Cameron Huddleston: 7 Ways to Save on Home Decor

The Kosher Gourmet by Steve Petusevsky Exploring ingredients as edible-stuffed containers (TWO RECIPES + TIPS & TECHINQUES)

Jewish World Review

Start-ups Offer Risks, Rewards for M.B.A. Interns

By Kelsey Sheehy

Business students can learn all facets of an industry via internships with newly created firms

JewishWorldReview.com | (USNWR) Start-up businesses are emerging from the rubble of the Great Recession--and they're hiring.

Companies such as Groupon, LivingSocial, and Zynga, the game developer behind Farmville, added more than 6,000 jobs in 2011, according to company websites and growth reports, and new ventures are launching every day.

Start-ups can present a unique opportunity for M.B.A. students in search of internships: a chance to work directly with company founders and CEOs to make a substantial impact on the future of the business, according to start-up insiders.

"They are really meaty, exciting roles," says Jay McClary, vice president of marketing for RideCharge, the 5-year-old company behind transportation apps such as Taxi Magic, which allows users to book a taxi and pay for it using the company's website or smartphone app.

This summer, RideCharge wants an M.B.A. intern to expand the company's footprint in Europe and Latin America.


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"[The internship] is integral to the growth of our business," McClary says. "This isn't something we created as a test to see if someone would be a good employee after they graduate."

Unlike corporate internships, which are often mapped out in detail and full of structured training sessions, RideCharge allows interning M.B.A.'s the freedom to approach their role from different angles, says Matt Carrington, director of marketing and communications at RideCharge.

Carrington interned with Pacific Gas & Electric in 2009 while completing his M.B.A. at the University of California--Berkeley Haas School of Business . The internship, which serves as a feeder program PG&E's leadership development program, consisted of training sessions and exploratory projects, he says.

"It was an incredible experience, but it's incredibly well defined," Carrington says. "They have it scripted to the day, of what you're going to be doing."

RideCharge's program is vastly different, Carrington says. Interns work directly with McClary, the VP of marketing, to define the project's goals, then hit the ground running, relying on their own expertise to work independently and often remotely.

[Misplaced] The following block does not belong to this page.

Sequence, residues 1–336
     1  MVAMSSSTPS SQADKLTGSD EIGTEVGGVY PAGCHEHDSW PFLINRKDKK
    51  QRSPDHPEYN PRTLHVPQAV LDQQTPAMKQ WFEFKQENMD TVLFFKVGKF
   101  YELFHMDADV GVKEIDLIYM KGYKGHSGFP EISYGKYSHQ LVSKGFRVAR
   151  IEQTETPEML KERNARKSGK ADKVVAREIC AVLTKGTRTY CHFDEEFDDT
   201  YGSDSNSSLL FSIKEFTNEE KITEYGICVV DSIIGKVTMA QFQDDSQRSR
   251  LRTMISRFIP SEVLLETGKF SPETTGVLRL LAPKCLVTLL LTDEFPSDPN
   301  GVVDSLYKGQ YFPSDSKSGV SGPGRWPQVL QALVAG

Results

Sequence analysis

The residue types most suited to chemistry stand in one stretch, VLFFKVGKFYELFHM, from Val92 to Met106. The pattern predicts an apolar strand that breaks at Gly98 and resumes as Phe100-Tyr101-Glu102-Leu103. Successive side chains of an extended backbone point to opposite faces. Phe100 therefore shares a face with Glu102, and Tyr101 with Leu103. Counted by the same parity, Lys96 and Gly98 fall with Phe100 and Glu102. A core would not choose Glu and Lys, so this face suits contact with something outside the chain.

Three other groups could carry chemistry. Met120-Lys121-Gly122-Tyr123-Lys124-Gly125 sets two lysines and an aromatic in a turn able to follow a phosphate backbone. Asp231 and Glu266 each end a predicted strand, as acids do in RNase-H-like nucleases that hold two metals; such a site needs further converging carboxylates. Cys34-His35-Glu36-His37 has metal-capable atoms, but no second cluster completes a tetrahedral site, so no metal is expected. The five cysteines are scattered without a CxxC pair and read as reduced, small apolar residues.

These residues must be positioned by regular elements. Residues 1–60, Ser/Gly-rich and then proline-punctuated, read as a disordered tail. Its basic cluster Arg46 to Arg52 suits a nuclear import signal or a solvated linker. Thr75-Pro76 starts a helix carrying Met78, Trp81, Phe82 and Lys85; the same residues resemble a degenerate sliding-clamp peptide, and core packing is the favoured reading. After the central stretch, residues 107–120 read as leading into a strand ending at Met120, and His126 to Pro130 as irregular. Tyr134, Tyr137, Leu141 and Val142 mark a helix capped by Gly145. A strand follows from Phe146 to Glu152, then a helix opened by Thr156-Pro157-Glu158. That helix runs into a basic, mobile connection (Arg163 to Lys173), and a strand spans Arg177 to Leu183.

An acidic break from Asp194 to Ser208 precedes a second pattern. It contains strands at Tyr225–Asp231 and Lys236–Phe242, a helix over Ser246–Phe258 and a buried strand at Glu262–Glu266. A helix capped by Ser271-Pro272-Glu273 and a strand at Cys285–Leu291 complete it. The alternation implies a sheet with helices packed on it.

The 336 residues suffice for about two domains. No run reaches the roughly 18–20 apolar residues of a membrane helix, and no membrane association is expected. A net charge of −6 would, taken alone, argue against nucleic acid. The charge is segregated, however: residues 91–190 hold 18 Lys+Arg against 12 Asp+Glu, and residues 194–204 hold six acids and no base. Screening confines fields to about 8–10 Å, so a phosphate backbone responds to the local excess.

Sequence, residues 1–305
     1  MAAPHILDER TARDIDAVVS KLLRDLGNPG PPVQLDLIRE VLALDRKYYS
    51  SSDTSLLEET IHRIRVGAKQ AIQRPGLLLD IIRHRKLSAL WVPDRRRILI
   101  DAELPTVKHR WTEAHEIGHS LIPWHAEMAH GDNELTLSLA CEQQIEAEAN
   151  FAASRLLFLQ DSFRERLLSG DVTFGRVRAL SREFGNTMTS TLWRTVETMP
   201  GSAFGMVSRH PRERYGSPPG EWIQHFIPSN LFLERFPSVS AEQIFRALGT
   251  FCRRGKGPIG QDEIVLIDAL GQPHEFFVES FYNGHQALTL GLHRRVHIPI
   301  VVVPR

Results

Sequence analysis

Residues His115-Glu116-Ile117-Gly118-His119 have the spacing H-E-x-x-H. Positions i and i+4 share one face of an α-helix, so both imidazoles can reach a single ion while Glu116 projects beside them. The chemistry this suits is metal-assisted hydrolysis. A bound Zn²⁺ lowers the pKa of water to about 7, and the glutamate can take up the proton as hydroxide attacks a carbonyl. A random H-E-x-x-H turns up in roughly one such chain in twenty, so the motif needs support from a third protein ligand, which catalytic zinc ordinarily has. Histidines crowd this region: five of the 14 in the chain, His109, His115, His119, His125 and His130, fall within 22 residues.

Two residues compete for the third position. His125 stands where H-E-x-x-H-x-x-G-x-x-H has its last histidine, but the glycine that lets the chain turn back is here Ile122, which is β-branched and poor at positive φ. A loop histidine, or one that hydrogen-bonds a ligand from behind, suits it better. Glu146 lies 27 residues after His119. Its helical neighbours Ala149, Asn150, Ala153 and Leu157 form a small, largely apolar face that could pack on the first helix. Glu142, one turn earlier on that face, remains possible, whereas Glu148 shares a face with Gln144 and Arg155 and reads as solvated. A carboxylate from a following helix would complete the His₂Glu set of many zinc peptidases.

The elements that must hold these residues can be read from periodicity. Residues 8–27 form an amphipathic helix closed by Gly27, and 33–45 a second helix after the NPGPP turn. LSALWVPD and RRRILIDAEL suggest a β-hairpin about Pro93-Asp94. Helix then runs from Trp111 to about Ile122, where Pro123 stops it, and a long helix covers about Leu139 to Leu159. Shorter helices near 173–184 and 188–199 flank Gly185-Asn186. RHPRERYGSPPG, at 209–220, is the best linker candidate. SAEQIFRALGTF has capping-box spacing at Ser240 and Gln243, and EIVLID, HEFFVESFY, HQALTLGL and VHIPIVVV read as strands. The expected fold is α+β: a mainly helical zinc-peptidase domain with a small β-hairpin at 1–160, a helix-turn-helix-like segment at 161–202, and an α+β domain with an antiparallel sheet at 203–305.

This level of autonomy and responsibility is what attracts students to start-ups, says Scott LaChapelle, assistant director of technology platforms and new employer development at Harvard University's Office of Career Services.

"Our students like to have a lot of influence and impact," LaChapelle says. "They generally like to develop their passion into tangible skills."

Another factor drawing students to start-ups is their often casual, high-energy atmosphere. That energy was on display at Harvard's recent Start-up Career Fair, which brought in more than 90 start-ups and attracted more than 600 graduate and undergraduate students. Budding companies brought in pizza, candy, T-shirts--even a giant blow-up elephant--giving students a taste of the culture of start-ups, which often list Ping-Pong tournaments and sponsored happy hours among their company benefits.

The fun, fast-paced atmosphere of start-ups often reflects the personalities of the founders, as well as the employees they hope to attract. But it isn't for everyone, LaChapelle says.

"You need to be OK with rapid change, not having a clear road map, not having a management program," he says. "You need to be OK with the fact that your job description, if there even is one, may change as well."

Rachel Schaengold, an M.B.A. student at George Washington University and intern with Social Driver, a digital technology consulting firm, says that environment is exactly what she's seeking.

"Everyone's roles are blurred," Schaengold says. "As an intern, your roles are blurred across everything--but I like that."

While Schaengold appreciates the creative freedom, the uncertainty about her employment future can be unsettling, especially when classmates returned from their summer internships with signed employment contracts, she says.

"I have to remind myself, sure, they have a job, but it's not the job I want," she says. "No start-up is going to hire you a year in advance."

For M.B.A. students aiming to turn their start-up internship into a career, initiative and passion about the product go a long way, says Tony Cappaert, cofounder of Contactually, a web tool that helps businesses manage E-mail contacts.

"I don't want someone to tell me how much of a go-getter they are ... I want them to take initiative and show me how they're going to add value to me and my organization now," Cappaert says. "And if you can do that unprompted, you're going to stand out from everyone else."